Conan O'Brien by Dana Edelson/NBC Photo
Did absence make our hearts grow fonder of late-night TV's hosts, missing in action for the last two months? I suppose it's possible, though I doubt anyone's preferences were changed by what they saw Wednesday night, when all of the network hosts finally returned to work, all but David Letterman and Craig Ferguson without writers. (If anything grew, it was facial hair, at least on Dave and Conan.)
If you're the sort who for whatever reason prefers affable Jay Leno over cranky Dave, or chooses to stay up late for the delectable derangement that is Conan O'Brien, nothing about Wednesday's opening night would likely have shaken you from your long-ingrained after-hours habits. The strike beards sported by Dave and Conan in solidarity with the still-striking writers ("and to prove that I still have some testosterone," joked Conan) were the most noticeable changes on the late-night landscape.
Here's my report card on late-night's opening night, keeping in mind that I was staying up unusually late on what had already been a long travel day back from vacation. (I'll admit right now that I fast-forwarded through every musical act.)
By the way, happy 2008, everyone. Now if only we could put this wretched strike behind us early in this new year.
The Tonight Show with Jay Leno: B-
"B" for bland, the show's (and host's) usual condition. The populist, popular king of late night delivered a show that looked an awful lot like business as usual. Great news if you're a fan, not so great if you're looking for actual inspiration. His monologue, self-written (and vetted by his wife, he sorta joked), was just as scattershot and overlong as ever, but still somewhat heroic given that it returned him to his self-reliant stand-up roots. The audience Q&A that followed was pretty painful, except for the long-time Huckabee fan who prompted a Monica Lewinsky joke. Does it say something about Jay's audience that he was asked if he'd ever take the show to Branson, Missouri, or retire to Daytona Beach? Admitting he was glad to stay out of the New Year's Eve fray revealed a bit more complacency than he probably realized.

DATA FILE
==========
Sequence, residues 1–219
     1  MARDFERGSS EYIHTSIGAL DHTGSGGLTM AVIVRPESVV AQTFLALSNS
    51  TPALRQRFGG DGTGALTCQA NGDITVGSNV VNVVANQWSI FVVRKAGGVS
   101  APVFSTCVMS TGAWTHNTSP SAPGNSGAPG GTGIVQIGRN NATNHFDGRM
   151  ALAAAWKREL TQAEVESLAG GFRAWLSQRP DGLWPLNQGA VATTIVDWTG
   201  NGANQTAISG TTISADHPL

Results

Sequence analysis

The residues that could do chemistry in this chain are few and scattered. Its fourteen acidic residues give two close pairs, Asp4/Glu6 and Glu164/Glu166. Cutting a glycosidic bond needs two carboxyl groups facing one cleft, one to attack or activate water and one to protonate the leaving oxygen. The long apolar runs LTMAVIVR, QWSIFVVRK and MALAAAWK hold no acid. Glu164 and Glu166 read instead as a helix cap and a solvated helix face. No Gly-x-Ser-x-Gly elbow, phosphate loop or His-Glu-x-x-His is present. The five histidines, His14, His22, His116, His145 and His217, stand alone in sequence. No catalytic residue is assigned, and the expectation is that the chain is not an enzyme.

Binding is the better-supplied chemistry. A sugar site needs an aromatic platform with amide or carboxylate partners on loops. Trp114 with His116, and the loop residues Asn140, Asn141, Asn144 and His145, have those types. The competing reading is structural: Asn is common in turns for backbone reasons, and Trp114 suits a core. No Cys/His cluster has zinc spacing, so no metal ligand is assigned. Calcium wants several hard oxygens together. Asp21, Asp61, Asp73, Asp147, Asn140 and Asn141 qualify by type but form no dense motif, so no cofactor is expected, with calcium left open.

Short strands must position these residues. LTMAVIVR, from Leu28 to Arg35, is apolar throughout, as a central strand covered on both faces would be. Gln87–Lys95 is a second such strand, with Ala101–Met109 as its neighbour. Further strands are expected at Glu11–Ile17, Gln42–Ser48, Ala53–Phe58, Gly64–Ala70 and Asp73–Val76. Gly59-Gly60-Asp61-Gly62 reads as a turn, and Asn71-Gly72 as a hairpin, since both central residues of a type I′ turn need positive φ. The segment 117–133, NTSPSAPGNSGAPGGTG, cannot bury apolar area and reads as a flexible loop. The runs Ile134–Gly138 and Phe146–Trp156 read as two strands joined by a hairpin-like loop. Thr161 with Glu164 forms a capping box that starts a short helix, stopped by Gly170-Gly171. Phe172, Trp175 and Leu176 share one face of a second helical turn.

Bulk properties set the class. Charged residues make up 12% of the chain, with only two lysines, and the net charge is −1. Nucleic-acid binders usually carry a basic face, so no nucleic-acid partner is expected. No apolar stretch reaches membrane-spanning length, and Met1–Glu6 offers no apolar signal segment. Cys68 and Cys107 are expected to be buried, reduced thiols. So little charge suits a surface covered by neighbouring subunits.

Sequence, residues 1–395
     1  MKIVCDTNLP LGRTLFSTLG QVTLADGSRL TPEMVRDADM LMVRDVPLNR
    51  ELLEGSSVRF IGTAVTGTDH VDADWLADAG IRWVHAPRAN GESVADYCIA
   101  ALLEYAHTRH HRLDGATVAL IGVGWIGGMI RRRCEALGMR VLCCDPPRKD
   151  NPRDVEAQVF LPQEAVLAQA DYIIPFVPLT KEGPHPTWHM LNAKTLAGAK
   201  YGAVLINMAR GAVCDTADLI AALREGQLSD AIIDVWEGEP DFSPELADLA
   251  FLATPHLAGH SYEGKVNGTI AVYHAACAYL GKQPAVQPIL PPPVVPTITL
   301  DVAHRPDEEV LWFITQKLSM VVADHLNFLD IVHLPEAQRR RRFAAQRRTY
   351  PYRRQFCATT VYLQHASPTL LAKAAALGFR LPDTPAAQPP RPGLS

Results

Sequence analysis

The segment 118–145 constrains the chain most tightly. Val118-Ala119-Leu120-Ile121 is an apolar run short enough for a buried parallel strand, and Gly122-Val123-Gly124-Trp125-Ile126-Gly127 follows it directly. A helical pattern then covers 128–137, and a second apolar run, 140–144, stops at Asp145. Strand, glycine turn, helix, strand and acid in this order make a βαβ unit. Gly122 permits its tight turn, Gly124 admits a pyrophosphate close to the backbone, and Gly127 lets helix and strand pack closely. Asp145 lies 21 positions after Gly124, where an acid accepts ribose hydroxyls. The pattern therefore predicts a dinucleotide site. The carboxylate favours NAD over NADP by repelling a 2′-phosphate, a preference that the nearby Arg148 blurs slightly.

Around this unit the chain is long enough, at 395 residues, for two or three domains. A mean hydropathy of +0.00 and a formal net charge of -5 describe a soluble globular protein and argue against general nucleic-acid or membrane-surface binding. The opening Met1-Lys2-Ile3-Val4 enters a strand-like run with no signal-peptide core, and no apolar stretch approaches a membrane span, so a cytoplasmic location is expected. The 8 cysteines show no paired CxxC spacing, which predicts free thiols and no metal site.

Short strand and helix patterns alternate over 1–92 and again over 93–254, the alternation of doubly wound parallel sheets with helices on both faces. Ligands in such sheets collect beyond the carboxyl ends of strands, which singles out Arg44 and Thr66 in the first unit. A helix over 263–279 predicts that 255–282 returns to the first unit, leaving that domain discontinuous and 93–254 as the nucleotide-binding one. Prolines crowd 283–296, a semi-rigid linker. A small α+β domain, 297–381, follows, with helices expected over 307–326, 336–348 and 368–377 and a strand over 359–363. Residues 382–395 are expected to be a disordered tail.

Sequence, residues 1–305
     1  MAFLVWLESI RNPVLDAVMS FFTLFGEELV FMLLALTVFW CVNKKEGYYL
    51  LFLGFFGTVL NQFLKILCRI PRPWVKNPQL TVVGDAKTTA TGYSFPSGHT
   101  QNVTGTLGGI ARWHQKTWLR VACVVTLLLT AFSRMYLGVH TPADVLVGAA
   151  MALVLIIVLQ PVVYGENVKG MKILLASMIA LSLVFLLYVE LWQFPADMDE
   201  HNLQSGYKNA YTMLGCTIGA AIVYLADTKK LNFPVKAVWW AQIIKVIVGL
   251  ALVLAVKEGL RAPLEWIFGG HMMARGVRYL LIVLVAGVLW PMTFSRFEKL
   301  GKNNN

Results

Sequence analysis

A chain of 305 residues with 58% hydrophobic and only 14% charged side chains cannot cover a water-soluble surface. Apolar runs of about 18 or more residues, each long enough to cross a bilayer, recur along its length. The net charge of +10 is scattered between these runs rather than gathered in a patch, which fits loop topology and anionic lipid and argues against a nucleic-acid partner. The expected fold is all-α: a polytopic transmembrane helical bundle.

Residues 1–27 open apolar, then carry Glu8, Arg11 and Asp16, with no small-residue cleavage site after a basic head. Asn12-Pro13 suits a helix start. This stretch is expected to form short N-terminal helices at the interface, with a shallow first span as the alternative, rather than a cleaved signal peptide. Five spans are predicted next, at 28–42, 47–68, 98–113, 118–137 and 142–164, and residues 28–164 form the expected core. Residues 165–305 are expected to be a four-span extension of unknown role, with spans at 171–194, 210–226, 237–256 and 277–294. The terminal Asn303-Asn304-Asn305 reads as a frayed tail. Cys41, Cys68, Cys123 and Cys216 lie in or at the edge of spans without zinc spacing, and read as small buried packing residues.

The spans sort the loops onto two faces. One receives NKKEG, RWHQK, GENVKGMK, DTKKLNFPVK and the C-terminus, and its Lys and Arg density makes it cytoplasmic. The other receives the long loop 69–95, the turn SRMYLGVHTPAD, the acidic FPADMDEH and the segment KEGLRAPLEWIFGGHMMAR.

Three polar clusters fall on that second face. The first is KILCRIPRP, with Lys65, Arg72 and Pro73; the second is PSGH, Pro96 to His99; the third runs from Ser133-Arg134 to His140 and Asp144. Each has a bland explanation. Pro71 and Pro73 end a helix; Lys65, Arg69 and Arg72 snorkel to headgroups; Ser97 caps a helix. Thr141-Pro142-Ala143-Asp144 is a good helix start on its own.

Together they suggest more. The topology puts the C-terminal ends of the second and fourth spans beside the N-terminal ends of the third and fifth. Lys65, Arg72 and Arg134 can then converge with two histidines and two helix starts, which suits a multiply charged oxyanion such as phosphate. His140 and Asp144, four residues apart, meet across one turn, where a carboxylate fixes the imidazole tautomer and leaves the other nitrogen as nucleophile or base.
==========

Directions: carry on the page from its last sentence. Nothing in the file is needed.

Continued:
Best and certainly newsiest guest anywhere on the night: Mike Huckabee, on the eve of the Iowa caucuses. His guitar jam with the band recalled Bill Clinton's sax riff on Arsenio Hall's show back in 1992, but otherwise, few original notes were played during the softball interview. Flashing back to an earlier
appearance, back when then-Arkansas governor Huckabee was more than 100 pounds heavier, was an eye-opener.
Jay cooking pepper steak with Emeril only made me hungry to be watching something else.
Late Show with David Letterman: B
Hardly Dave's best night ever, though he milked lots of humor from his new graybeard look. Alternately referring to himself as resembling "a cattle-drive cook" and "a missing hiker," his opening bit was upstaged by Hillary Clinton's taped cameo. ("Oh well, all good things come to an end," she said of his eight-week hiatus.)
Clearly pleased to have his writers back at work, Letterman honored the WGA with plenty of scripted references, highlighted by a top-10 list of writers' demands read by striking writers from the staffs of
The Daily Show, The Colbert Report
Law & Order
series, as well as celebrity writers Nora Ephron and Alan Zweibel. Did you notice Paul Shaffer at one point playing off with the "Look for the Union Label" theme? And did you catch Dave's reference to his showgirls as the "Eugene v. Debs" (a nod to the Socialist labor organizer)? Smart, subtle, rewarding.